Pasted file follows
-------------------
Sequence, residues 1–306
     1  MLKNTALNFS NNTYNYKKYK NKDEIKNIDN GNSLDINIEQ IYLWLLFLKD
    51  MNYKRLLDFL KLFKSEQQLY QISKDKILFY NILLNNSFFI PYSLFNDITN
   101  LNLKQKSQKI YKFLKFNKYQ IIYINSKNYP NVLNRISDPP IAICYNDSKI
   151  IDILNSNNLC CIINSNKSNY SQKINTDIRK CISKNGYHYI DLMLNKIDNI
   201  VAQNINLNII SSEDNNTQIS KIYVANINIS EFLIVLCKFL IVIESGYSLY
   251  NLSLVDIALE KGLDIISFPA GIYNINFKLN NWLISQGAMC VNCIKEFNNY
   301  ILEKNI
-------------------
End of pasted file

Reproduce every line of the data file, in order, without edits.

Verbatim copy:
Sequence, residues 1–306
     1  MLKNTALNFS NNTYNYKKYK NKDEIKNIDN GNSLDINIEQ IYLWLLFLKD
    51  MNYKRLLDFL KLFKSEQQLY QISKDKILFY NILLNNSFFI PYSLFNDITN
   101  LNLKQKSQKI YKFLKFNKYQ IIYINSKNYP NVLNRISDPP IAICYNDSKI
   151  IDILNSNNLC CIINSNKSNY SQKINTDIRK CISKNGYHYI DLMLNKIDNI
   201  VAQNINLNII SSEDNNTQIS KIYVANINIS EFLIVLCKFL IVIESGYSLY
   251  NLSLVDIALE KGLDIISFPA GIYNINFKLN NWLISQGAMC VNCIKEFNNY
   301  ILEKNI